Morgan Hamel

Blog Post Author

A Look at the Largest Makerspace in Puerto Rico

Our interview with Luis has been translated from Spanish into English for the purpose of this article.

Roughly a 20 minute drive from the bustle of Old San Juan is an old civil defense base which houses the largest makerspace in Puerto Rico. Engine-4 has been there for nearly four years, operating as a mecca for hardware and IoT startups on the island. 

Cofounder Luis Torres has a background in hardware development and wanted to create a space in his own backyard to encourage these types of startups, which tend to have less places to go for support in Puerto Rico. “We created a space where university students, professors, and tech companies are all working together under the same roof developing their ideas flexibly and inexpensively so that they can become future startups in the community.”

The building houses a lineup of tools well-suited for hardware fanatics: soldering stations, printed circuit board milling machines, laser cutters, oscilloscopes, and an array of 3D printers.

“Spaces like this encourage community relationships, creation, and innovation,” Torres says. “They send a message that – with the few tools we’ve been able to acquire – we’re able to create ideas that are making it out of Puerto Rico.”

The Meeting in a Storm

Engine-4’s Gigabot story starts, as many stories in Puerto Rico do these days, with Maria. 

As the hurricane battered the island, nearby Parallel18 moved their Gigabot to Engine-4’s more secure facility for safekeeping. Torres quickly sized up the machine, and the wheels began turning. “I saw the capacity of the printer and realized that, without a printer like Gigabot, there are a lot of prototypes we wouldn’t be able to make.”

As the resident companies at Engine-4 include a fair number of IoT developers, 3D printed housing for components is a common need. But they also house other companies with larger requirements, Torres says, like architectural firms working in urban development and startups building custom drones. These sorts of prototypes often dwarf the average desktop printer. He explains, “A printer like [Gigabot] gives us the capacity to print really large things that other, smaller printers just can’t.”


Hardware development necessitates quick, agile development. As one local startup put it, “Prototyping is a daily activity.” Third party contract machining often means hefty price tags and long turnaround times, which simply aren’t an option for these companies as they move quickly from iteration to iteration. This is where the in-house fabrication equipment of a makerspace can play such a crucial role.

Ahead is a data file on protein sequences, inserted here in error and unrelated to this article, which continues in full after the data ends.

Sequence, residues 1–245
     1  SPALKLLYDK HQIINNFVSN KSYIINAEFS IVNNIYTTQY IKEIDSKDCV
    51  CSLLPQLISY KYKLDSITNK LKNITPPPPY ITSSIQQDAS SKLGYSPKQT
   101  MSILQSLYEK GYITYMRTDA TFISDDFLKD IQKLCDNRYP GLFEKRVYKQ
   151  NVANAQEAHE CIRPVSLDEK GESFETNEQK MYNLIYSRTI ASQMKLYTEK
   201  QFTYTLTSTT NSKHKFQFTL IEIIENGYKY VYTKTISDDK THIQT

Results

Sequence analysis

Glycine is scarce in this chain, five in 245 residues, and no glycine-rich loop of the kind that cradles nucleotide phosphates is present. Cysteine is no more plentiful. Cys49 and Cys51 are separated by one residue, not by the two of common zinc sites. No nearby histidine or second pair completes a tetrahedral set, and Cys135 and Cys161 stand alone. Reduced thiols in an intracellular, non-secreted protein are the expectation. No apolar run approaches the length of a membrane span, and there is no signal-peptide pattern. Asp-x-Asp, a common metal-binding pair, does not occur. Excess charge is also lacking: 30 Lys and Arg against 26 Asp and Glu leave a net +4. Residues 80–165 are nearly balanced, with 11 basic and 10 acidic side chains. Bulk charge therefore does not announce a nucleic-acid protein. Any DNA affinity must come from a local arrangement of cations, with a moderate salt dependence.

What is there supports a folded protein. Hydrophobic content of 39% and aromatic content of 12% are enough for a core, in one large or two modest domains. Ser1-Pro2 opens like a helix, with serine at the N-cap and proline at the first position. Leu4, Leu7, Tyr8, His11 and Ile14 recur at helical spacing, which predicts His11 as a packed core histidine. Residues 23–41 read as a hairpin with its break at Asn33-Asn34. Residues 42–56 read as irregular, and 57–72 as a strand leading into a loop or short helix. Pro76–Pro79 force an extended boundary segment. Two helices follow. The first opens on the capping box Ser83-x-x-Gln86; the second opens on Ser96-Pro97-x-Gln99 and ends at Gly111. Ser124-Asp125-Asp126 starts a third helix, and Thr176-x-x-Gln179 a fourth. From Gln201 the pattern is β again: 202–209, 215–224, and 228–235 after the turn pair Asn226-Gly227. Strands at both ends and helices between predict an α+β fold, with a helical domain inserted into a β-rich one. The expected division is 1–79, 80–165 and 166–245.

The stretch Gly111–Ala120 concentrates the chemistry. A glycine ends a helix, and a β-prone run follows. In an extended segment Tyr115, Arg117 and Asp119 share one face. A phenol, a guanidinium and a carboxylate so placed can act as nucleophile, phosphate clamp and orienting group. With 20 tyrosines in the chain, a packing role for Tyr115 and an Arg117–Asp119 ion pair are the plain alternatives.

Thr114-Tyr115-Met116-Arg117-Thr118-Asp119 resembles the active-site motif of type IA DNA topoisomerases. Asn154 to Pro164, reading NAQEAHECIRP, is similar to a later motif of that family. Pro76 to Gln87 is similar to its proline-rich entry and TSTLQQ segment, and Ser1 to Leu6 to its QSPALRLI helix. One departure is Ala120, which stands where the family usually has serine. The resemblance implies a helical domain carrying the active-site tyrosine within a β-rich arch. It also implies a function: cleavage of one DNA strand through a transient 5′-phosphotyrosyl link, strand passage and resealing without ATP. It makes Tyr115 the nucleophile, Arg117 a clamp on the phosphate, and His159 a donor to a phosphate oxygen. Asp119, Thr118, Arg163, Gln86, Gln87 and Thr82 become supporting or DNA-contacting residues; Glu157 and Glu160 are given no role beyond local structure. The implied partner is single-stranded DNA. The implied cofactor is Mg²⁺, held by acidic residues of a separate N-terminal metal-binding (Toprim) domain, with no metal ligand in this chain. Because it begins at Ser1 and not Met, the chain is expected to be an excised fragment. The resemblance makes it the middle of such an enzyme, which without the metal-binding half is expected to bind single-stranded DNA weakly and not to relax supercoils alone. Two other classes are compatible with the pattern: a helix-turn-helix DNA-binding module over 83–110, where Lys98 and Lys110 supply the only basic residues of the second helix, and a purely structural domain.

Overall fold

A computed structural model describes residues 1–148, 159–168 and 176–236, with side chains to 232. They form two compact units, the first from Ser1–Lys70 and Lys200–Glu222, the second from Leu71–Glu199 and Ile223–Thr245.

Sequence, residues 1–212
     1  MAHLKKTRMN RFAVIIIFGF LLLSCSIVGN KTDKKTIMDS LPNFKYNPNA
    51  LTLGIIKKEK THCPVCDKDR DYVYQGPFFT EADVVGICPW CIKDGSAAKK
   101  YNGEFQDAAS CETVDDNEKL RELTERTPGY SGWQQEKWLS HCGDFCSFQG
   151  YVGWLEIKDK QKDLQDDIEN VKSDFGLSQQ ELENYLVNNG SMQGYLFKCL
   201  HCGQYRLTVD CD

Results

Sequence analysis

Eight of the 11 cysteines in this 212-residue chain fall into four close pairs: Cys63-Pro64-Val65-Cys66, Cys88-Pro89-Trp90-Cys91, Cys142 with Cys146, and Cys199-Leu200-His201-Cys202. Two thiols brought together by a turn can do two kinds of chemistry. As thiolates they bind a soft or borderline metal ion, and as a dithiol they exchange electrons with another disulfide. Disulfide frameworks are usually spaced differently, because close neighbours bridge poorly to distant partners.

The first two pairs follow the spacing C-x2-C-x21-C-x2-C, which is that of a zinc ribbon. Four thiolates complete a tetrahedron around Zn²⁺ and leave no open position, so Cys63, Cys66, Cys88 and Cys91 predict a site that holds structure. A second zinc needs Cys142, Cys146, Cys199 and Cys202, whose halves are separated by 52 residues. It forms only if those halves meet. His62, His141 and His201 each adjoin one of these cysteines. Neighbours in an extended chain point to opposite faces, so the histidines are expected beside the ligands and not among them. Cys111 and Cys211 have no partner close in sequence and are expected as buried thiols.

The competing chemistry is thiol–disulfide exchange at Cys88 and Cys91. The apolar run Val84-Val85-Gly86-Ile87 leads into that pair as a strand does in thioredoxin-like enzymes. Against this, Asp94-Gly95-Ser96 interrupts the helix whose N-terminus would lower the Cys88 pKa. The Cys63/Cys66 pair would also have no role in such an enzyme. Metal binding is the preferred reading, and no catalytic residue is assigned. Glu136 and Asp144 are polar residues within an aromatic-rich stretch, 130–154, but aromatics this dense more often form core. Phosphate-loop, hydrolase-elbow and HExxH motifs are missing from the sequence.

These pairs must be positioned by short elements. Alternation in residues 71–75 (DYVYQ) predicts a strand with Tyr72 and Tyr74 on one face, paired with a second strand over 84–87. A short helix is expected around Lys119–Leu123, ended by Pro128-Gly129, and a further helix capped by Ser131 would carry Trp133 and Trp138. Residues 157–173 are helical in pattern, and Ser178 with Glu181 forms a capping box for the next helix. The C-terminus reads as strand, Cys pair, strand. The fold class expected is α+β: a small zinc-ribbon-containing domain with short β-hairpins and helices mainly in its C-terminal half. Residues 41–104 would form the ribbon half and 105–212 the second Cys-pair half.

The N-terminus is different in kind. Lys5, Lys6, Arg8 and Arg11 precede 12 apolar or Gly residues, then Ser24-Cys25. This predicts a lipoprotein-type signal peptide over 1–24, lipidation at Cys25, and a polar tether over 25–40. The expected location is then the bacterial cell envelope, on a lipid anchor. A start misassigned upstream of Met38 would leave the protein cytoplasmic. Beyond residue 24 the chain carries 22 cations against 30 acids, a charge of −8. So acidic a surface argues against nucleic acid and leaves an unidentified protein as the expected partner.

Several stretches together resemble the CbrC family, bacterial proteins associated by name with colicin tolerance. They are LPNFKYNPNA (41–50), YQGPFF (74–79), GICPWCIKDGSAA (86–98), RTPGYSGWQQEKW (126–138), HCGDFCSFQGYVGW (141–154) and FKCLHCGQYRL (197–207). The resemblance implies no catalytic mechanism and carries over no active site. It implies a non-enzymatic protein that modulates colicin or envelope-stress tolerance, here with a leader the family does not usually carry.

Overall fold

Torres understands that there aren’t many machines out there that rival 3D printing in the world of rapid prototyping. “This is a part of our growth, and I understand that it’s an essential tool for the team,” he says. “To create prototypes, there really isn’t another device that you can use that’s not a 3D printer, and Gigabot’s capacity is more than any other machine.”

He’s been very satisfied with their decision to invest in such a large printer. “[The goal] was achieved since the first day we opened it,” he said.


Favorite Projects

A common thread for many Puerto Rican entrepreneurs is the influence that Hurricane Maria has had on their business ventures, often spurring the creation of a company aimed at solving a problem laid bare by the storm.

True to form, some of Torres’s favorite projects that have come out of Engine-4 happen to be those associated with disaster response.

One such example is WATRIC Energy Resources, a company featured in a recent Gigabot story, who used the Engine-4 Gigabot to prototype a product which condenses drinkable water from moisture in the air. Their goal is to create units for homes and public spaces to reduce the reliance on the water grid in the event of another catastrophic disruption to the system similar to the aftermath of Maria.

Another favorite of Torres’s is a project involving mini weather stations in which Gigabot was used to 3D print the housing for a bundle of internal electronics. This was a part of Engine-4’s work on IBM’s Call for Code challenge, a competition to develop hardware prototypes for natural disaster aid. The units have been installed in different locations along the coast of Puerto Rico as well as atop Engine-4’s roof.

The Engine-4 Gigabot has also been put to work 3D printing custom components for drones to be used in a disaster-response format. In one example, drones carry and drop custom units from the air via remote control, transmitting an SOS signal to emergency responders. The idea is to use the drones to summon for aid in areas that may be impassable due to storm damage. 

Youth Program

One topic that Torres is particularly passionate about is his mentorship of the local youth.